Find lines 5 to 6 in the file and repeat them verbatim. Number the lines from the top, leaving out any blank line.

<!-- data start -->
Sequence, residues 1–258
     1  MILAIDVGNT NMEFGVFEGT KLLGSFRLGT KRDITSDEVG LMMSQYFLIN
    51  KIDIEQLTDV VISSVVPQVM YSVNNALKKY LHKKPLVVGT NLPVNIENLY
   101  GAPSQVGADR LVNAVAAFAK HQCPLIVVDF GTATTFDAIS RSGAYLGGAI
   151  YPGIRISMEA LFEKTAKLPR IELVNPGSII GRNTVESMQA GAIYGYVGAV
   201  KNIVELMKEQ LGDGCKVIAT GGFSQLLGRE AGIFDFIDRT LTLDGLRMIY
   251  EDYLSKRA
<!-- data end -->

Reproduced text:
   151  YPGIRISMEA LFEKTAKLPR IELVNPGSII GRNTVESMQA GAIYGYVGAV
   201  KNIVELMKEQ LGDGCKVIAT GGFSQLLGRE AGIFDFIDRT LTLDGLRMIY